Trivia On 3rd Grade - Literature

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3rd Grade Literature Quizzes & Trivia

How Much Do You Really Know About 3rd Grade - Literature?


Questions and Answers
  • 1. 

    Which round rolling object would rhyme with "wall"?

    • A.

      Tire

    • B.

      Call

    • C.

      Marble

    • D.

      Ball

    Correct Answer
    D. Ball
    Explanation
    The word "ball" rhymes with "wall" because both words end in the same sound, the /ɔːl/ sound. This makes "ball" the correct answer. "Tire," "call," and "marble" do not rhyme with "wall" as they do not have the same ending sound.

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  • 2. 

    Which line would rhyme with "Once upon a time"?

    • A.

      I Caught A Little Sign

    • B.

      I Followed A Line

    • C.

      I Caught A Little Rhyme

    • D.

      I Told A Little Lie

    Correct Answer
    C. I Caught A Little Rhyme
    Explanation
    The line "I Caught A Little Rhyme" would rhyme with "Once upon a time". The rhyme is created by the similar ending sound of "time" and "rhyme".

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  • 3. 

    What do the first, second and fifth lines of a limerick end with?

    • A.

      Rhyming Words

    • B.

      Words That Are Spelled The Same

    • C.

      Words With The Same First Syllable

    • D.

      The Same Word

    Correct Answer
    A. Rhyming Words
    Explanation
    The first, second, and fifth lines of a limerick end with rhyming words. A limerick is a type of poem that follows a specific rhyming pattern, with the first, second, and fifth lines rhyming with each other, and the third and fourth lines rhyming with each other. This creates a playful and rhythmic effect in the poem.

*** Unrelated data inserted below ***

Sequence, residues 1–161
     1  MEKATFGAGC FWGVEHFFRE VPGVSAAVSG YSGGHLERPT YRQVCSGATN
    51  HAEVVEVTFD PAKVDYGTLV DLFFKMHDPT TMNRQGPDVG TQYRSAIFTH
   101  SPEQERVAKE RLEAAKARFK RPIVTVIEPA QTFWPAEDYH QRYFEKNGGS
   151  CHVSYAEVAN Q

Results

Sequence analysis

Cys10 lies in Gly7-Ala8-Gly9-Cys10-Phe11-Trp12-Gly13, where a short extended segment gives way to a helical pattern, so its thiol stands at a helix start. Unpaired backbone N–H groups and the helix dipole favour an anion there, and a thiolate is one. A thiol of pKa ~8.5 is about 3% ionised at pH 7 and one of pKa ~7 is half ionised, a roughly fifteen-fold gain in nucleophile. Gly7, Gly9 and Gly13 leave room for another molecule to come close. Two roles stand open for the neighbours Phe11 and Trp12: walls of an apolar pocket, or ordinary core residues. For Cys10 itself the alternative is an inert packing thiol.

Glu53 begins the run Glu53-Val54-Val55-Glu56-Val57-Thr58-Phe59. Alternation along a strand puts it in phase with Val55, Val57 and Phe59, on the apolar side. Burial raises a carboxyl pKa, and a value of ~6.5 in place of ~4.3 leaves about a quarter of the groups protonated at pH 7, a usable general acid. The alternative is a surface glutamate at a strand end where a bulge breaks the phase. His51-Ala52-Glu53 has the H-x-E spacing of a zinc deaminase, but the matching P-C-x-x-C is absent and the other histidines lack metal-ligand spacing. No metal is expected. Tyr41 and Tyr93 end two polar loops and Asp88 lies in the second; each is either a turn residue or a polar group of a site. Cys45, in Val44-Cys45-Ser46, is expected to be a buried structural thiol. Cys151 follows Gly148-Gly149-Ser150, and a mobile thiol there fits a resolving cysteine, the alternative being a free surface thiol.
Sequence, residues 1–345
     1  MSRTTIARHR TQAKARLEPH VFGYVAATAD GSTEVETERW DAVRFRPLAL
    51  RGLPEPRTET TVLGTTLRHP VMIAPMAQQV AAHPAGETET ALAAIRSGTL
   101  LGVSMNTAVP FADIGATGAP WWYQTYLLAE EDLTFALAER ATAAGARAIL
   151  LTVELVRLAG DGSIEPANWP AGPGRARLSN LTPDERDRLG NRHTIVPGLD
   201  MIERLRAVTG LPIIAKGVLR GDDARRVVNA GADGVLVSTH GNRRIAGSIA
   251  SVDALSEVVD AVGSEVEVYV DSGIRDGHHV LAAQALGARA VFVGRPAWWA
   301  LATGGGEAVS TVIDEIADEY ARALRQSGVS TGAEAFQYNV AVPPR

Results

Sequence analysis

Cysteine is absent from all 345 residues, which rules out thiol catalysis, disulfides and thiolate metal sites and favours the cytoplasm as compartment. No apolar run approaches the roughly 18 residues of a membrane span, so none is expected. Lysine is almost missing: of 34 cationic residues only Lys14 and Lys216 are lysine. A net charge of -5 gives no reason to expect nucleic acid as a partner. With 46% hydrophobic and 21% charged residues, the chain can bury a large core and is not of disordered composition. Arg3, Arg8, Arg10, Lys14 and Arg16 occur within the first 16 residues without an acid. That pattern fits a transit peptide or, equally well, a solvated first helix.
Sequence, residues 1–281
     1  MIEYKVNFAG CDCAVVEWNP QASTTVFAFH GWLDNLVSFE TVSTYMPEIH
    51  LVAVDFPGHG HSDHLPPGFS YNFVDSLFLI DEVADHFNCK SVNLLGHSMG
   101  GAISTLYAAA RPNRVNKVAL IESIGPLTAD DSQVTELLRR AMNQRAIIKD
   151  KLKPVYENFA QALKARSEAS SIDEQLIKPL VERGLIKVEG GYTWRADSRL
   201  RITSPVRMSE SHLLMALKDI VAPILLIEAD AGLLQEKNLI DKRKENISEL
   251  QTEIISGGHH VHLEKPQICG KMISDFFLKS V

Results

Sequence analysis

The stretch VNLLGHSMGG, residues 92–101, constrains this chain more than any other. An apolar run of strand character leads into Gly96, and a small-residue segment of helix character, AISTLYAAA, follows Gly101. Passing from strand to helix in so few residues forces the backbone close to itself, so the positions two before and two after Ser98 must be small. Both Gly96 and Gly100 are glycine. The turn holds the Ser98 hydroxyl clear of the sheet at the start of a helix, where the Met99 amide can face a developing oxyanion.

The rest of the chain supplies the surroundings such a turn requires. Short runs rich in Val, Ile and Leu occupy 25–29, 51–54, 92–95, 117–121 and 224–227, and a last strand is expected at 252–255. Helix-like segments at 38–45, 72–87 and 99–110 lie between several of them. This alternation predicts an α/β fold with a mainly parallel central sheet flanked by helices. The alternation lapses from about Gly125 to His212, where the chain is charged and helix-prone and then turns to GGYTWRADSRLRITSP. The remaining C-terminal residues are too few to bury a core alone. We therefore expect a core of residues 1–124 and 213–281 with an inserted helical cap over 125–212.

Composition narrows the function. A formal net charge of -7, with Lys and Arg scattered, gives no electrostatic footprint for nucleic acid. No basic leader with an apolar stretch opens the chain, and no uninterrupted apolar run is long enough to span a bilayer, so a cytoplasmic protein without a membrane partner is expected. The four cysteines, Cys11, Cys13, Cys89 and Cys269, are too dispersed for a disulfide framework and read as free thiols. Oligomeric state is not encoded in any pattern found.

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  • 4. 

    Which line would rhyme with "See the kite"?

    • A.

      Flying In The Sky

    • B.

      Fluttering In The Air

    • C.

      It Is High

    • D.

      Flying At Night

    Correct Answer
    D. Flying At Night
    Explanation
    "Flying At Night" would rhyme with "See the kite" because both lines end with the same sound, "ite." The other options do not have the same ending sound, so they would not rhyme with "See the kite."

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  • 5. 

    What word completes the rhyme "There once was a man from Beijing/All his life he had hoped to be"?

    • A.

      King

    • B.

      Earl

    • C.

      Duke

    • D.

      Prince

    Correct Answer
    A. King
    Explanation